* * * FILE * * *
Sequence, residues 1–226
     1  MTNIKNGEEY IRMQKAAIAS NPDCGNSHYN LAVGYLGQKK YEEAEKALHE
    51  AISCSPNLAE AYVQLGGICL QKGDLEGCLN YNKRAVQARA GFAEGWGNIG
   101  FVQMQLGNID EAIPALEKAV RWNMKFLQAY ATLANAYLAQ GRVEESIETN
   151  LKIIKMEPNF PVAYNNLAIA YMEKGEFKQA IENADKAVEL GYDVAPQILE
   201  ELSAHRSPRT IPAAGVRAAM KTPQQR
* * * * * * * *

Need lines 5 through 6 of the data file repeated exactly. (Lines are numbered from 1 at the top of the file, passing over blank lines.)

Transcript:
   151  LKIIKMEPNF PVAYNNLAIA YMEKGEFKQA IENADKAVEL GYDVAPQILE
   201  ELSAHRSPRT IPAAGVRAAM KTPQQR